Telescopic Dental Needles versus Conventional Dental Needles: Comparison of Pain and Anxiety in Adult Dental Patients of Kerman University of Medical Sciences—A Randomized Clinical Trial
Pain felt during dental injections is dependent on dental anxiety. Patients feel increased pain if anxiety in the treatment environment is high, and therefore it is important to reduce anxiety during treatment to reduce pain. The purpose of this study was to compare pain and anxiety levels experienced during injections using a newly invented telescopic-coated dental needle that covers the conventional needle and also has the capability of applying topical anesthesia through its unique design with the conventional dental injection needle.Methods
Dental injection anxiety questionnaires were completed by 60 adult patients who were randomly assigned to either the telescopic (a newly invented telescopic-coated dental needle that covers the needles) or the conventional group. Patients also completed visual analog scales to rate their pain perception during injection, their overall experience, and their future anticipated anxiety. Wilcoxon, Mann-Whitney, and Student t tests were used for statistical analysis. Statistical significance was defined as P < .05.Results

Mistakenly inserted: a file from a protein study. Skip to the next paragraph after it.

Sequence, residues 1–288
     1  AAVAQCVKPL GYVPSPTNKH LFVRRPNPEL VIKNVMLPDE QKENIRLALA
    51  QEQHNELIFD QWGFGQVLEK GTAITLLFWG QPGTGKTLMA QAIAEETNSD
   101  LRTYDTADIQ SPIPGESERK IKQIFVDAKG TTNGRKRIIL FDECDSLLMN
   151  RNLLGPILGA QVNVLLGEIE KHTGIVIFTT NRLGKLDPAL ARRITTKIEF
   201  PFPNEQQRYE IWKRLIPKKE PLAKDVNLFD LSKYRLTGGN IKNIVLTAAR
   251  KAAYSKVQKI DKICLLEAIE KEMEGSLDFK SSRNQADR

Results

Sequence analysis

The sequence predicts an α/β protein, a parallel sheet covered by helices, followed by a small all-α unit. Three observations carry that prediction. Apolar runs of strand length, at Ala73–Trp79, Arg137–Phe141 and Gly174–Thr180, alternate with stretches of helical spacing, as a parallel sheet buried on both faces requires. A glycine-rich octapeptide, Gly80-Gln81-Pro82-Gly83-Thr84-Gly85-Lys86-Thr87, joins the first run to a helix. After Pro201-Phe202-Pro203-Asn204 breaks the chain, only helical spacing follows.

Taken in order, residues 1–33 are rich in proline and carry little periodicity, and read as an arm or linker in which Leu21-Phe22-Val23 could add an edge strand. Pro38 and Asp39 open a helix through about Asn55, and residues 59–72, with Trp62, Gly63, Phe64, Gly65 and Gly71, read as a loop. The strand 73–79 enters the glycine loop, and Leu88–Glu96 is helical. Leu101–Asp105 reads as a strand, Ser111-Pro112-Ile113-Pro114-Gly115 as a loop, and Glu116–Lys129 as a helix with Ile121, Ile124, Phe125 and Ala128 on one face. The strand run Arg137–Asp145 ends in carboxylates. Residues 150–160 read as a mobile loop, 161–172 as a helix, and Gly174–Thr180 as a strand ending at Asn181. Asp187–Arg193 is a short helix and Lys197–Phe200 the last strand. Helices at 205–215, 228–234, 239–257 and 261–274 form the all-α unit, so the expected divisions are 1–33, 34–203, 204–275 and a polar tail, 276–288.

A total of 25 men and 35 women with an age range of 19–55 years (mean age of 38.7 ± 2.31 years) participated in this study. Pain levels reported during the injection using the telescopic-coated needle (4.13 ± 1.37) were significantly lower than those using the conventional needle (5.63 ± 1.57), with statistically significant differences between the 2 groups (P < .05). Patients experienced significantly lower overall postinjection anxiety (P < .05) and had more positive overall experience ratings with the telescopic-coated needles.Conclusions
A new telescopic-coated dental needle was superior to a conventional injection system in pain perception and in reducing postinjection dental anxiety.